yours, tiramisu

coding again, from the writer that doesn't write

I spent last night trying to create a class scheduling tool for my tutoring company's student portal in ReTool. ("Trying" being the operative word here.) One of the company founders asked me if I wanted to take on some dev tasks and I didn't refuse. What could go wrong with some experience and spare cash?

It took me less than an hour to remember why I hate doing this. When everything goes smoothly, life is great. Except when I develop anything most of my time is spent stuck trying to fix obscure bugs with little to no documentation. Every time I hit a snag my brain goes into Frustrated Mode and I bang my head against the wall instead of coming up with a methodical approach. The great programmers I know patiently try out every possible fix and come up with conclusions based on the results. I don't have the 耐心1 to do even half that. Fixing complicated things in general infuriates me.

My parents seem to think a big reason I'm so bad at coding is because I think I'm bad at it. They might have a point; I've always harbored a fixed mindset, not its fashionable growth counterpart. I believe I'm good at certain things (standardized test-taking, music auditions) and like with many things in life they usually reveal themselves to be self-fulfilling prophecies. It served me very well in school.

Fixed mindset: "In a fixed mindset, people believe their basic qualities, like their intelligence or talent, are simply fixed traits. They spend their time documenting their intelligence or talent instead of developing them. They also believe that talent alone creates success—without effort."

Growth mindset: "In a growth mindset, people believe that their most basic abilities can be developed through dedication and hard work—brains and talent are just the starting point. This view creates a love of learning and a resilience that is essential for great accomplishment." (Dweck, 2015)

Not having a growth mindset hurts me whenever I attempt technical tasks. The problem is, G.I.Joe was wrong — knowing is certainly not half the battle! Being aware of my negative self-belief isn't the same as convincing myself I can get better, especially when there's so much evidence to the contrary. I'm not sure how to do it, or how long it will take. Something tells me if I've been so bad at software engineering for so long it's probably a lost cause for me. And I've largely accepted that, I think. (I say as I take on more tasks.)

yours, tiramisu

Rubber duck debugging (or "rubberducking") worked surprisingly well for me yesterday. Rubberducking involves explaining to a third party (a rubber duck, a friend) the issue. Oftentimes while describing an issue the problem will become apparent. The issue is that I'm awful at suspending disbelief and rubberducking when I'm alone. I need the pressure of not wanting to waste someone else's time before the gears start grinding in my head. (Though ChatGPT has helped me out with this on the occasions I remember to use it.)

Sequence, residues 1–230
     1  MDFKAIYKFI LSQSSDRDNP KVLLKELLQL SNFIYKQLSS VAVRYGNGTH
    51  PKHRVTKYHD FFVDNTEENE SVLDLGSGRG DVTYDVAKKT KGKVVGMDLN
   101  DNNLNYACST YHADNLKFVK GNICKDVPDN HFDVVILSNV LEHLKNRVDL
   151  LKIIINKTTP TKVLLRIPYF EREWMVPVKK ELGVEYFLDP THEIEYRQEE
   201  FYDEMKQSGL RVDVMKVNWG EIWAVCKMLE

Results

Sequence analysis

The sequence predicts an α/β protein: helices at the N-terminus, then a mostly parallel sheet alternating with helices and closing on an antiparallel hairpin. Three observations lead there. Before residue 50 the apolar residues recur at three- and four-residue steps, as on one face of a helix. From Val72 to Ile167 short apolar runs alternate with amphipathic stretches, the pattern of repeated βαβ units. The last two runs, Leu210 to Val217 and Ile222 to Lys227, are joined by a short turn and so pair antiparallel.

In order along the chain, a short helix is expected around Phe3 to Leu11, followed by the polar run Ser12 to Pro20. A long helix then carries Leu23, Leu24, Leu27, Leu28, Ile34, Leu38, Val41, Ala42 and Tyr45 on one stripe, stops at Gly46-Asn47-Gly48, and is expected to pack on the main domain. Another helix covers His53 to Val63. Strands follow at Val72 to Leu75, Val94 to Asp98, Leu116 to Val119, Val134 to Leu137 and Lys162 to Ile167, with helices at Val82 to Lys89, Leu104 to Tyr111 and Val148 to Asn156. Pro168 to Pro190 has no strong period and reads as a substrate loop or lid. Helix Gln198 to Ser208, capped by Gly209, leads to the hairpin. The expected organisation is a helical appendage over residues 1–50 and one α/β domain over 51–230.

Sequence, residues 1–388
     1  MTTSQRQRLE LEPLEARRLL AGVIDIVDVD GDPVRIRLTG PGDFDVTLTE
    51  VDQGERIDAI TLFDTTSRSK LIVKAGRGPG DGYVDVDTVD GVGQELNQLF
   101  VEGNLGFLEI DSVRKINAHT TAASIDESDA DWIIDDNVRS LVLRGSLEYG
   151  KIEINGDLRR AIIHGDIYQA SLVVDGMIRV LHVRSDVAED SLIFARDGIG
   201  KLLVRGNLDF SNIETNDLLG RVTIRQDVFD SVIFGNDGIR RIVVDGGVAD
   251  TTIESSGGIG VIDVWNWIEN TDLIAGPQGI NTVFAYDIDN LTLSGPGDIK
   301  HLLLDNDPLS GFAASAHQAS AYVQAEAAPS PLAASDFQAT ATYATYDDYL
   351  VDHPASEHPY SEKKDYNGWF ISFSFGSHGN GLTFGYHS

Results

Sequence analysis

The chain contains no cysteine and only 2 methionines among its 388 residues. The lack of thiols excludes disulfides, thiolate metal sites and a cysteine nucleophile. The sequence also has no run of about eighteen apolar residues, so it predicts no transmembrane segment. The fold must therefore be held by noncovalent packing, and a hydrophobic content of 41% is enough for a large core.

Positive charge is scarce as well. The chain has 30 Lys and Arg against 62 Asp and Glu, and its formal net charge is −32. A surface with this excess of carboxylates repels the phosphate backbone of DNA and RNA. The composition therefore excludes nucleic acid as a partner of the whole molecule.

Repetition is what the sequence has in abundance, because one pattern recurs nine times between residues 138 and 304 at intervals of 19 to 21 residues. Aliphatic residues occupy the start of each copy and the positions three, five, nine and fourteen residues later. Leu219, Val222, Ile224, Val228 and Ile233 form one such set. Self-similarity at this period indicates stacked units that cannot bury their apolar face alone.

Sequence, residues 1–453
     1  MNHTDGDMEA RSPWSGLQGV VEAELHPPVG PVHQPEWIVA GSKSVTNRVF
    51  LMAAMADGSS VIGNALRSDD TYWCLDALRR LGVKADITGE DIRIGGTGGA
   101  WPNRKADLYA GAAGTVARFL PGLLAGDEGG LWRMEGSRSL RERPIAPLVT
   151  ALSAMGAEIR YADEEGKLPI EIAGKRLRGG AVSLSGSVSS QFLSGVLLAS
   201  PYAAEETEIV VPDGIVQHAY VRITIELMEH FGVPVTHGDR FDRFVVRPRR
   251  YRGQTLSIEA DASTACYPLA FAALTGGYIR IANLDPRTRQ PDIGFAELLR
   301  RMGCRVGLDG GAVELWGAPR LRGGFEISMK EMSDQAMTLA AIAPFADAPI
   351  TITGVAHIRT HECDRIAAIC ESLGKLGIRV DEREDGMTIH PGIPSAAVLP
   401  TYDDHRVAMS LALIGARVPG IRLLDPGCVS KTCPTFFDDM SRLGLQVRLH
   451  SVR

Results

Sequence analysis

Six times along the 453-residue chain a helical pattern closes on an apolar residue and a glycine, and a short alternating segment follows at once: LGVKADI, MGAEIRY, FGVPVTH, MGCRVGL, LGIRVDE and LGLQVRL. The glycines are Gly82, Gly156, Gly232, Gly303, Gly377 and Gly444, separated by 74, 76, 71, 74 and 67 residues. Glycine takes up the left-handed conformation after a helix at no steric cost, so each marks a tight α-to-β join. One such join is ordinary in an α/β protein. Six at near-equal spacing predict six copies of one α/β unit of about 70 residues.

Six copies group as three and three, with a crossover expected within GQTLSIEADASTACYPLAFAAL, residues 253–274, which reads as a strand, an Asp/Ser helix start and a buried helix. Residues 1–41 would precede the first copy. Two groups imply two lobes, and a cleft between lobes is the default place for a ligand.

On the bright side, I realized that in spite of my difficulties doing this new development task, I have learned something from my last job, no matter how scant my experience. And being this busy and stressed has kicked off my writing brain again. But I really need to learn to prioritize the important things, not get distracted by side quests, and say no to things I don't want to do. (Though this was a First Time so I'll give myself a pass for that.)

A fellow writer at my tutoring company asked if I was interested in being part of a new writers club with other team members. I was thrilled to accept (especially after avoidancetheory's recommendation that I do so), but my heart fell when I saw that each member would have to bring in their own work. (Actually needing to write in a writers club? I'm shocked, I tell you.) I'm in the unenviable position of being known a "writer" at work but not actually having any writing to show for it (at least not that I'd like to share with coworkers), and I don't know how to fix it! I could either try to squeeze out a piece outside of my comfort zone (booo) or share one of my blog posts for workshopping. But I don't wish to divert my limited energy to writing something out of obligation, nor do I want people I barely know in real life reading all my intimate thoughts. For the time being I countered their offer by asking if I could join to listen in and share feedback without presenting my own original writing. I hope they say yes.

The power went out late last night when I was asleep. When speaker static woke me up in the wee hours of the morning, I experienced a moment of abject terror. Why were all my lamps on? What day was it? I had no idea if it was January or November, and while trying to fall back asleep I was unsettled by how it easy it was for me to imagine the months passing me by like this, applying fruitlessly for jobs. What would I do if it were in fact 2025 and I didn't yet have a job? How would I pay for my medications once I got kicked off my parents' health insurance? Would I have to choose between dipping into my savings and not taking my medications? It was all too easy to spiral downwards catastrophizing at 3 in the morning.

yours, tiramisu

  1. 'Patience' in Mandarin, except for whatever reason it has a different flavor than the English word to me.

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